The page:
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FOOD FOR THOUGHT

Your guide to hiring a CFO for the first time

Posted by Ash Clarke on November 07, 2017

A CFO is unlike any other financial professional. They are more than just an analyst, more than just a strategist, more than even a leader: they’re a sign that your business is ready to “play with the big boys”, a symbol of rising success to your employees and any potential investors that may be watching.

YOUR GUIDE TO HIRING A CFO FOR THE FIRST TIME

So it pays to get a good one from the very start.

 

 

Read more: The Modern CFO: What business leaders need to know

 

Here are five of the most important considerations to have while hiring a CFO — for the first time, or otherwise.

 

1. Experience

Depending on your needs, you should expect your CFO to have a minimum of an MBA in accounting, finance or business, a minimum of eight years of experience in a senior role and, preferably, a CA/CPA designation.

Experience doesn’t stop at formal education, however. Your prospective CFO should ideally have been involved in your sector and business size for many years. The difference in financial priorities between a company with 20 employees and 100 employees within the same industry is large enough, but then consider a large healthcare company compared to a small construction company. A different kind of CFO is required for each.

 

2. Cultural fit

CFOs are leaders. The days where they were primarily number crunchers are gone. Now, they are at the forefront of your business, representing you both internally and externally. As a result, they will become an integral defining factor of your culture, values and goals.

The days where they were primarily number crunchers are gone.

This is why you have to ensure that your potential CFO will fit into your company’s current culture and, perhaps even more importantly, will be able to affect it in a positive way. If you had a new team member that was extremely shy, quiet and introverted, but the team you wanted to place them in was known for its boisterousness, both the new person and the existing team would encounter integration issues. The same situation could happen with a CFO, but rather than a single team, it would be your entire company. That’s what you have to consider when figuring out cultural fit for your CFO.

 

3. Soft skills

CFOs need to be able to work with every level of employee and executive, as well as ensure you are presenting a persuasive face to external stakeholders and investors as well. CFOs have become a primary part of negotiations, as well as being department heads and, of course, chief collaborators with other C-level executives.

CFOs need to be able to work with every level of employee and executive, as well as ensure you are presenting a persuasive face to external stakeholders and investors as well.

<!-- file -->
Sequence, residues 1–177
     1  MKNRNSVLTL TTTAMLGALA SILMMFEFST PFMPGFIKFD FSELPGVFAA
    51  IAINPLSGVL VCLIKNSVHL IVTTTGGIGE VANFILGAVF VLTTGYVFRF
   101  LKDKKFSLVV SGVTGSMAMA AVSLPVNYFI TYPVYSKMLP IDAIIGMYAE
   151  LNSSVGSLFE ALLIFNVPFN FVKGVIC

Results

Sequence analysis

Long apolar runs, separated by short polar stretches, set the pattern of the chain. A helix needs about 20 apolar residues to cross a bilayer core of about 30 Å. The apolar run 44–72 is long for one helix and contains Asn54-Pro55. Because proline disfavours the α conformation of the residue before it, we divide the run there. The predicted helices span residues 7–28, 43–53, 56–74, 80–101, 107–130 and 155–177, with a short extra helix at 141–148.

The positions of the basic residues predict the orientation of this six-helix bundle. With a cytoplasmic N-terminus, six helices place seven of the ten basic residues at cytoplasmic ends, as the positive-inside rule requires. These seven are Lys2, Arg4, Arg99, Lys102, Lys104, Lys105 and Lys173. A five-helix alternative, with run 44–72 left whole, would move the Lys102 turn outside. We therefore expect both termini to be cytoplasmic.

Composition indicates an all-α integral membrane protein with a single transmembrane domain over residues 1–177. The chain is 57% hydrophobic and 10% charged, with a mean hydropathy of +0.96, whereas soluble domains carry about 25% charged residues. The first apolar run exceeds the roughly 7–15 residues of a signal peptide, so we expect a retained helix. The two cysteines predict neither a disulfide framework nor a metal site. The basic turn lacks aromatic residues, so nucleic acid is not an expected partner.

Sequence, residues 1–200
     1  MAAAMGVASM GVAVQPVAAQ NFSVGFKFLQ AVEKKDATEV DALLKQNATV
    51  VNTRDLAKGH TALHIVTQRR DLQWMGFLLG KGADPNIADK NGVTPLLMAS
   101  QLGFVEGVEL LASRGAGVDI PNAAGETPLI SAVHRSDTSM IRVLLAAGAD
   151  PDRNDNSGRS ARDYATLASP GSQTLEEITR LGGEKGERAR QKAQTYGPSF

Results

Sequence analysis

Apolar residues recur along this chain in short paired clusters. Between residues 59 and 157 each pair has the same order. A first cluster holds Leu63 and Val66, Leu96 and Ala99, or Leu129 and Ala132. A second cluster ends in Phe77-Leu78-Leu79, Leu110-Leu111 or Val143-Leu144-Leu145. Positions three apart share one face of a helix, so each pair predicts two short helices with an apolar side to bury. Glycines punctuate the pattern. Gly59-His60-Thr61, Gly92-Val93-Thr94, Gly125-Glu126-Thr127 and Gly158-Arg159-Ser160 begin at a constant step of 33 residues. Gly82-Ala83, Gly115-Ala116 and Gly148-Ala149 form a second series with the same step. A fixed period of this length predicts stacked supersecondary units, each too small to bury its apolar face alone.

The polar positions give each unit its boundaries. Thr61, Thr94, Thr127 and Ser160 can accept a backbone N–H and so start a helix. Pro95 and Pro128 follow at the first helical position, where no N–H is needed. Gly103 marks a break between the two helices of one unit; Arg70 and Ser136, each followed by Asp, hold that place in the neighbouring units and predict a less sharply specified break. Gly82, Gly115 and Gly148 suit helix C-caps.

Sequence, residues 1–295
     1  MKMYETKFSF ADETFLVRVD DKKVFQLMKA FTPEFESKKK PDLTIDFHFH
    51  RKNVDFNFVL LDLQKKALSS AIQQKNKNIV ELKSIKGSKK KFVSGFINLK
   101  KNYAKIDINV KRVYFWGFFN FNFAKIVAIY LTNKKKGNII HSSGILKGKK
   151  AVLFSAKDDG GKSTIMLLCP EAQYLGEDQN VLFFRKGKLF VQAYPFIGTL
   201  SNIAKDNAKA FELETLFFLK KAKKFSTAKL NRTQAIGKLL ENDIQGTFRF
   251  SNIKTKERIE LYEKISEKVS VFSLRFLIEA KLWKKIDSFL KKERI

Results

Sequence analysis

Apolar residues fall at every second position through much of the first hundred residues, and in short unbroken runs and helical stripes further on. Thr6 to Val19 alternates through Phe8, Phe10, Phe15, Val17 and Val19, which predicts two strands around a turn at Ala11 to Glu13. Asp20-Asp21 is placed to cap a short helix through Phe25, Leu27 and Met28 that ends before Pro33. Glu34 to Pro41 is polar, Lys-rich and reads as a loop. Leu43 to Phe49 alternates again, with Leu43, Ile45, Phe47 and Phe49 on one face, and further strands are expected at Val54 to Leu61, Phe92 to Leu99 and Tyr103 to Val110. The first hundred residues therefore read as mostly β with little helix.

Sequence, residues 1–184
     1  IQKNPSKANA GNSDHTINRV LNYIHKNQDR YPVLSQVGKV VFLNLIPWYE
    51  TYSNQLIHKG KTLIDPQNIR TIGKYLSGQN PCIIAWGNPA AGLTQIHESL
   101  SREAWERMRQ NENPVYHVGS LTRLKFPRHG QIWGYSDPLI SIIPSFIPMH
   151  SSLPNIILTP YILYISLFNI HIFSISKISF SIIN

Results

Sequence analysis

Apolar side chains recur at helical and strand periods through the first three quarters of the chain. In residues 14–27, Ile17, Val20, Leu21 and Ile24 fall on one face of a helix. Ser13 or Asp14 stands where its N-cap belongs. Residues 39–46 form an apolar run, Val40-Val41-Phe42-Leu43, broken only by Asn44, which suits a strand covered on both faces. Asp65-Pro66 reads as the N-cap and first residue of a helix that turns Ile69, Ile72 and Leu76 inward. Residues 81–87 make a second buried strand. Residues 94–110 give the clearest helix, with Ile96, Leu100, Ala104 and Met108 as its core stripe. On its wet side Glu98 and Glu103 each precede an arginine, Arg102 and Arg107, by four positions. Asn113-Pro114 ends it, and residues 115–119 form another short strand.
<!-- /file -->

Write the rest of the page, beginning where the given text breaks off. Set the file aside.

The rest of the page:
As such, they must be communicative, positive, self-motivated, team-orientated and confident. If your prospective CFO is lacking here, they won’t be the great leader, the great mentor and the great negotiator that your business needs from its chief financial officer.

 

4. Resourcing

The biggest benefits of a CFO come over the course of multiple years, and hiring one full-time can be expensive. According to the 2017 Hays Salary Guide, organisations with annual turnover up to $50 million should expect to pay $137,000 salary as an average. Organisations’ with an annual turnover of $50 million — $500 million should expect $163,000 salary as an average. These salary estimates don’t include the cost of additional benefits and the hiring process.

If you’re a smaller business and can’t afford to swallow such a large expense, there are alternatives available that are significantly more affordable. Don’t take on more additional risk than you need to: find more information about these less expensive alternatives here.

 

5. Timeframe

The average CFO will stay with your company for about five years. Some will stay longer, others shorter, but the one constant is that you need to hire them with the long-term in mind. Will the CFO role, your business resources and your requirements still look the same in five years? Will your company and your CFO be able to adjust to potential changes over that time?

Will your company and your CFO be able to adjust to potential changes over that time?

In a similar vein, we are living in a business world defined by technological and cultural change. Data analysis, financial reporting, and the needs of your consumer are always changing. Do you think your CFO will be able to keep up? If not, they might not be the right fit for you.

 

Summary

The ideal CFO has:

  • Education
  • Experience
  • A great cultural fit
  • A collaborative focus
  • Great negotiation skills
  • Mentorship abilities, and,
  • Flexibility and a willingness to learn

While your business needs to remember its:

  • Timeframe, and,
  • Resourcing.

With these factors in mind, you should have no trouble finding the perfect CFO for your business.

 

To find out more about finding the CFO that’s right for your needs, download our free guide below. 

The Modern CFO: What business leaders need to know

Topics: CFOs